Brand owners and other private and public entities are investing millions of dollars into a plastic reclaimer’s project to build a 170,000-square-foot film recycling facility in the Upper Midwest.
A number of prominent names are financing Myplas USA’s first U.S. polyethylene film recycling plant, to be located in Rogers, Minn., outside of Minneapolis. Employing about 300 people, the plant will be able to recycle nearly 90 million pounds of HDPE and LDPE packaging and film a year when at full capacity, according to a press release.
General Mills, Schwan’s Company, Target, Ecolab and Wisconsin-based film manufacturer Charter Next Generation are making a combined $9.2 million equity investment in Myplas USA.
Additionally, the Alliance to End Plastic Waste and Closed Loop Partners, which are both funded by major packaging industry stakeholders, are each providing “multi-million-dollar debt financing” to Myplas USA to help it build its plant, according to the release.
Lastly, the Minnesota Department of Employment and Economic Development is providing Myplas USA with $1 million from the Minnesota Investment Fund and $450,000 from the Minnesota Job Creation Fund.
Myplas USA is an international subsidiary of Cape Town, South Africa-based polyolefins reclaimer Myplas. Myplas USA’s CEO is Andrew Pieterse, who previously worked for nearly 15 years at BP, including years-long stints working in Johannesburg, according to his LinkedIn profile. Pieterse was already an investor in Myplas when he was hired to be company’s U.S. CEO in October 2021.
“Myplas has a deep passion for plastics recycling, and we’re proud to establish our first U.S. plant and our U.S. headquarters in Minnesota,” Pieterse stated in the release. “Our partners’ commitment, investment and innovative thinking, paired with Myplas’ technical expertise, will be transformative for the entire region. We can’t wait to get started.”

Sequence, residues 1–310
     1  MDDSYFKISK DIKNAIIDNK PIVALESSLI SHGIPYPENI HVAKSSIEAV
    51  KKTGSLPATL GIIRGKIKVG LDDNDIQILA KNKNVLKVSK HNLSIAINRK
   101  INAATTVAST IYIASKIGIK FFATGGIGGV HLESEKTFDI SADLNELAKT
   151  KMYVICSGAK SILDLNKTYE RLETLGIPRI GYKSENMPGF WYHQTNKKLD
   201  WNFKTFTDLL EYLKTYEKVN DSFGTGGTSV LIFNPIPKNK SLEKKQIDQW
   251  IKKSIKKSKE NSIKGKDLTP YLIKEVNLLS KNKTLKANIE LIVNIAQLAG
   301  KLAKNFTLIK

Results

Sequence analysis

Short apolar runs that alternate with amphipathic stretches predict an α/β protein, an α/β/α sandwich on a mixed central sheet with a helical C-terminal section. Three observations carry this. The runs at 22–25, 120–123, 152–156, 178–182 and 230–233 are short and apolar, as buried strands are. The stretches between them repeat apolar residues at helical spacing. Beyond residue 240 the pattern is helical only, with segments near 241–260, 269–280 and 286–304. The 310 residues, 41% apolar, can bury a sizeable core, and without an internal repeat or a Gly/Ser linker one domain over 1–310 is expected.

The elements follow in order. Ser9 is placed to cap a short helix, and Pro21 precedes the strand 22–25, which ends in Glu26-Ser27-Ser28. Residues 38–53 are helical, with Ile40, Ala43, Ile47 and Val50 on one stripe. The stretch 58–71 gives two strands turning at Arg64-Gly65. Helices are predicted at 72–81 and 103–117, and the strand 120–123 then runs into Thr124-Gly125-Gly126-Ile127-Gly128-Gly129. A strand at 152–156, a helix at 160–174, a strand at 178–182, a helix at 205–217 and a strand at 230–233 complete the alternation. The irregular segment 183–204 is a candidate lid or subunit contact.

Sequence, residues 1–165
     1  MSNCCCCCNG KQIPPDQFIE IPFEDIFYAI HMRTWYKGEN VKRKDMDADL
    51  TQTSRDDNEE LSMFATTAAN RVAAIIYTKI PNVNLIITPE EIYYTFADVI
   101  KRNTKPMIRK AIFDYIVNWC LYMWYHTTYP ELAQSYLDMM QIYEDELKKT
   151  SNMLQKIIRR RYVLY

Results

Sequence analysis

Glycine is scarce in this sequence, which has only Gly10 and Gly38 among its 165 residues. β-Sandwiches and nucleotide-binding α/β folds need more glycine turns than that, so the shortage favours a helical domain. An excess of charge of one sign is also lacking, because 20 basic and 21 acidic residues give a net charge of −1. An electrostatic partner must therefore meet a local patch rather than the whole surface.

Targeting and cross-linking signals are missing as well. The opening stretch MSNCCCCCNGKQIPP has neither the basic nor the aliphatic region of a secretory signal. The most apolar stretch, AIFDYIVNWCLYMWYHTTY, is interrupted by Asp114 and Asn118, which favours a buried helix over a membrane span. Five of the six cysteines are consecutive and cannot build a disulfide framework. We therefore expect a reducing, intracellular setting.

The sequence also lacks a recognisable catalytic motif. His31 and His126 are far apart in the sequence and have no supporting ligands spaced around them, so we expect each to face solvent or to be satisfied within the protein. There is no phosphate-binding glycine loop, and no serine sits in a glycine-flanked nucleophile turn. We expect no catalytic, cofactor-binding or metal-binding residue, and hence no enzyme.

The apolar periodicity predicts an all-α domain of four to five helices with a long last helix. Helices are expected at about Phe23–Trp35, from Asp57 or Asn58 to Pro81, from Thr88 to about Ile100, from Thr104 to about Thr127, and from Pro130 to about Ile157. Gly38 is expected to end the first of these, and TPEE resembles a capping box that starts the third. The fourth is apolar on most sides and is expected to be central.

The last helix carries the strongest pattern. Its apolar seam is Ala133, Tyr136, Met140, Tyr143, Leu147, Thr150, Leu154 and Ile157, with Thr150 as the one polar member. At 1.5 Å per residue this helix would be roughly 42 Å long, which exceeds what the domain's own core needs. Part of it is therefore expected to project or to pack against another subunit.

The group of companies backing the project is called MBOLD.
Film-to-film recycling envisioned
In addition to buying a stake in Myplas USA, film producer Charter Next Generation (CNG) has committed to buying most of the recycled resin for the first two years after the plant is operational, currently scheduled for spring 2023. The release notes CNG will use the recycled plastic in a range of food, industrial and healthcare film products.
CNG already has a line of recycled-content films, called GreenArrow. In November, CNG signed a recycled LLDPE offtake agreement with NOVA Chemicals.
Pieterse noted Myplas USA’s mechanical recycling plant will be capable of producing recycled HDPE for use in food-contact applications.
MBOLD members Cargill, General Mills, Schwan’s Company, Land O’Lakes and the University of Minnesota will evaluate using the recycled-content films in their products, according to the release. Land O’Lakes, Cargill, Schwan’s Company and the University of Minnesota may supply film scrap to the plant.
More stories about film
- Report: Flexible film can grow as PCR feedstock
- Washington state tackles bagged recyclables
- Film processor to use Revolution PCR